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Pediatric Dentistry

When Should I Take My Child To The Dentist?

Jan 17 • 3 minute read

You want only the best for your child, which is why you prioritize their oral health. But, if your child begins developing dental issues, then you may be wondering when it’s time to visit a dentist.

As a general rule of thumb, it is never a bad idea to visit a dentist for your child’s oral health concerns. But, in this post, we give you six instances that may warrant a trip to a children’s dentist in your near future.

Your Child’s First Tooth Erupted

Typically, children begin growing their milk teeth (also called baby teeth) around six months of age. So, many dental professionals recommend taking your little one to the dentist as soon as their first baby tooth erupts.

However, every little smile is different, so some children may take longer to grow their first set of little chompers. Nevertheless, experts recommend taking your baby to the dentist within the first year of their life.

Getting your child into a pediatric dental clinic early can help you address other pediatric dental issues, such as:

  • Pacifier use
  • Thumb and finger sucking
  • Teething
  • Baby bottle tooth decay
  • Kid-friendly dental hygiene practices

Your Child Has a Toothache

Children often report toothaches when their baby teeth begin making room for their permanent teeth. However, persistent toothaches that are not accompanied by a wiggly baby tooth may be a sign of something more serious, like cavities, gum disease, or dental damage.

If left untreated, a toothache can lead to painful dental infections. A dentist can locate the cause of the toothache, as well as prescribe antibiotics to avoid tooth-destroying infections.

Your Child Has Noticeable Signs of Dental Decay

Even infants and toddlers can develop extensive cavities that make eating and playing more difficult. And, while it is tempting to dismiss cavities on baby teeth, doing so may harm their adult teeth, too. This means that your little one may need dental fillings or dental crowns on their baby teeth to prevent a cascade of oral issues in the future.

Not sure how to look for cavities in your child’s smile? Here are common signs and symptoms of pediatric dental decay:

  • Brown, black, or yellow spots on the teeth
  • Sensitivity to pressure and temperature changes while eating
  • Complaints of frequent toothaches or a bad taste in their mouth
  • Noticeable grooves or pits in the teeth
  • Persistent bad breath

Your Child Has Swollen or Bloody Gums

Swollen and bloody gums are telltale signs of gum disease. Typically, children have the beginning (and completely reversible!) stage of gum disease, known as gingivitis.

Experts believe that roughly 70% of children in developed countries between the ages of six and 11 have some form of gingivitis. But, if left untreated, gingivitis may progress to more advanced stages of gum disease, which may not be reversible.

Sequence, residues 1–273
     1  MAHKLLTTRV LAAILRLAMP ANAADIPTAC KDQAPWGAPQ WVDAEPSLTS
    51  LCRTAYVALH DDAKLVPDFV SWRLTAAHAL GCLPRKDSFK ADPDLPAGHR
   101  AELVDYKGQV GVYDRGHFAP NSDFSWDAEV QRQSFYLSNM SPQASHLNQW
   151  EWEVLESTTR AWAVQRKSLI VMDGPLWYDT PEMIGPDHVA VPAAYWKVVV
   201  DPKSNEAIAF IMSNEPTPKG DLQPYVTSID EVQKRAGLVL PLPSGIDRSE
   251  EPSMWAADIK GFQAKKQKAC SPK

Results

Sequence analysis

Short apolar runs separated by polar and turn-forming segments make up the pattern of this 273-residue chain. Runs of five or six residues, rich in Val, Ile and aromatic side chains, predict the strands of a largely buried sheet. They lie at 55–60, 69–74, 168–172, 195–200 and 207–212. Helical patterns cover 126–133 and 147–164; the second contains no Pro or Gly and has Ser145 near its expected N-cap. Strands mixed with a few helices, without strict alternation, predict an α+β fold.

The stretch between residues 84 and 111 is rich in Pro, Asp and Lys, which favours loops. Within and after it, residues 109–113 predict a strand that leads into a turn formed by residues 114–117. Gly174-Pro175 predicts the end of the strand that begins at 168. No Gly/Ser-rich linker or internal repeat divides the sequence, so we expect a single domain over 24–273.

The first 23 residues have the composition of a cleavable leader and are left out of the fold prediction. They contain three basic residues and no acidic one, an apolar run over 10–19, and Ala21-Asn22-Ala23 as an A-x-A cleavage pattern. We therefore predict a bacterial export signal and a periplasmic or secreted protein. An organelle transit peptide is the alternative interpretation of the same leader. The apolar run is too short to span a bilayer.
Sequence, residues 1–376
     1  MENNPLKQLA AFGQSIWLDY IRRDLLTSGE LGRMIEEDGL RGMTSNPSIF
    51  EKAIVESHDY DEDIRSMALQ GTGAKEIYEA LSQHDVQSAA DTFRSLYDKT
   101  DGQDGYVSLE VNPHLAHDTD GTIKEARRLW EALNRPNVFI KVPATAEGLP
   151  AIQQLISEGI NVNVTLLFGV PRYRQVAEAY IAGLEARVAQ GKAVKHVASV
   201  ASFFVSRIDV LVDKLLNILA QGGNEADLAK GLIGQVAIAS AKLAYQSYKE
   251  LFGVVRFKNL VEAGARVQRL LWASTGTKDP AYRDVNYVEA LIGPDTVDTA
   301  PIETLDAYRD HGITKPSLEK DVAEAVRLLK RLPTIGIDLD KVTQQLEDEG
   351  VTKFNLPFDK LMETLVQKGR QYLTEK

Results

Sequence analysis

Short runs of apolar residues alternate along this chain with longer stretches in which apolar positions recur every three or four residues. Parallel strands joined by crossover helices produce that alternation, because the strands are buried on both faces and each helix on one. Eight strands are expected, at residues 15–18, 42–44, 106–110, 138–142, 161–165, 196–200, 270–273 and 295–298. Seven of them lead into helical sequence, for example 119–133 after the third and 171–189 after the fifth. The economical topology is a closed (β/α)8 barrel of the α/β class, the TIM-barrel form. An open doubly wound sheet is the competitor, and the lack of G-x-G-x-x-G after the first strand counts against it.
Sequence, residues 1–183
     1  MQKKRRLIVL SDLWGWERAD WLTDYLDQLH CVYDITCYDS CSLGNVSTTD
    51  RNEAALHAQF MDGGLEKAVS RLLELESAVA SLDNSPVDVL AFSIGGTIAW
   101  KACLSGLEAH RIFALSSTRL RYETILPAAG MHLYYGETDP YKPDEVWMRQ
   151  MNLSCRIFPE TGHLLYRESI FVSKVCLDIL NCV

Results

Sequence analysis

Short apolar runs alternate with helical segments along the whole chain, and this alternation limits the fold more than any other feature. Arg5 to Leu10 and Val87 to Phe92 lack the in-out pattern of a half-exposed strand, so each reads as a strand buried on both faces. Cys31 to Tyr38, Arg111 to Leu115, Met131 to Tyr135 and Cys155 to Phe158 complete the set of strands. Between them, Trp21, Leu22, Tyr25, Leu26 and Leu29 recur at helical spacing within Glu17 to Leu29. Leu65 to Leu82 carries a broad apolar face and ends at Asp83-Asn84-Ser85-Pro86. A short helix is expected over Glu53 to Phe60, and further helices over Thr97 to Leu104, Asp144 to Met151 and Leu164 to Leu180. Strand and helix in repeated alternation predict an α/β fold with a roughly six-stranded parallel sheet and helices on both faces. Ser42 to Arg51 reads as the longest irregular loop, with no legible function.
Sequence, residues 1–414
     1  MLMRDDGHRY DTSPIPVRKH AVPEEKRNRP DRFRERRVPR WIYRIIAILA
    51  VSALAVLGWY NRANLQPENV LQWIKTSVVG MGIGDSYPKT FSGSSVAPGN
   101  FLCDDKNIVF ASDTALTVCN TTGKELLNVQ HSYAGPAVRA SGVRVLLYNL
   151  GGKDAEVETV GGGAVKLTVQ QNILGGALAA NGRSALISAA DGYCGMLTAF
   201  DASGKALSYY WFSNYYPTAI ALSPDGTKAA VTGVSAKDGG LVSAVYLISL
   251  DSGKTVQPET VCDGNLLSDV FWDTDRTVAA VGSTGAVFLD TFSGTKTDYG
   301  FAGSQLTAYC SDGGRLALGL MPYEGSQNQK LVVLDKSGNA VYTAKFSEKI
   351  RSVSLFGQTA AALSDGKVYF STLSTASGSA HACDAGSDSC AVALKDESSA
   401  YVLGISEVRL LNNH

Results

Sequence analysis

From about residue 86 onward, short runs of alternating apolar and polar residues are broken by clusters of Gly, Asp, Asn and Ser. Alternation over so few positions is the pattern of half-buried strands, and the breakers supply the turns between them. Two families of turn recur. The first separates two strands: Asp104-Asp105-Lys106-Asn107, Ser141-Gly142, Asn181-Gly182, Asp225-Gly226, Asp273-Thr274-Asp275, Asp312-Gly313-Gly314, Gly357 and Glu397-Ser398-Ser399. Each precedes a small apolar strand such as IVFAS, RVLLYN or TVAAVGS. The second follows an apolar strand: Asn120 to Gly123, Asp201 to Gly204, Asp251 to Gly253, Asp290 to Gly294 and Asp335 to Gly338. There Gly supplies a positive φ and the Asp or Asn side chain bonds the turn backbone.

So, if you notice that your child’s gums appear to be red, swollen, or bloody, then it’s time to get them to a children’s dentist. Periodontal treatments can remove the bacteria responsible for the inflammation to strengthen your little one’s smile.

Your Child Has Irregular Jaw or Dental Alignment

Dental and jaw alignment play major roles in your child’s oral function. Certain factors can influence alignment, such as:

  • Pacifier use
  • Thumb or finger sucking
  • Tongue thrusting
  • Low tongue posture
  • Mouth breathing
  • Genetic conditions
  • Bruxism

Common alignment issues may include:

  • Underbites
  • Overbites
  • Open bites
  • Crossbites
  • Overjets
  • Diastemas (large gaps)
  • Narrow hard palates
  • Crowded teeth
  • Twisted teeth

Even if your child has a mix of baby and adult teeth, orthodontia may be the best way to remediate jaw and dental misalignments. In fact, the American Association of Orthodontists recommends early orthodontic intervention for children (called Phase One Treatment) starting as early as seven years of age.

Your Child Has a Short Lingual Frenulum

There is a string-like membrane located on the bottom of the tongue called the lingual frenulum. It secures the tongue’s position by connecting it to the floor of the mouth. When this membrane is too short, however, it causes a condition known as ankyloglossia, or tongue-tie.

Tongue-tie can make eating and speaking more difficult (or even painful) for your child. Indeed, infants with a short frenulum often struggle to form a proper latch while breastfeeding. So, addressing ankyloglossia sooner rather than later is crucial.

Signs and symptoms of tongue-tie may include:

  • An inability to touch the tongue to the sides of the mouth or upper and lower lips
  • Difficulty sticking the tongue out past the front teeth
  • A heart-shaped tongue, especially when sticking it out
  • Difficulting latching during breastfeeding
  • Breastfeeding for long periods
  • Mouth breathing
  • Tongue thrusting while swallowing
  • Jaw pain
  • Irregular speech patterns

A trusted professional can perform a frenectomy, which severs the lingual frenulum to improve the tongue’s mobility.

See a Children’s Dentist Today

Your child deserves a happy and healthy smile. So, don’t wait for painful dental issues to arise – schedule a pediatric dental visit for your little one today!

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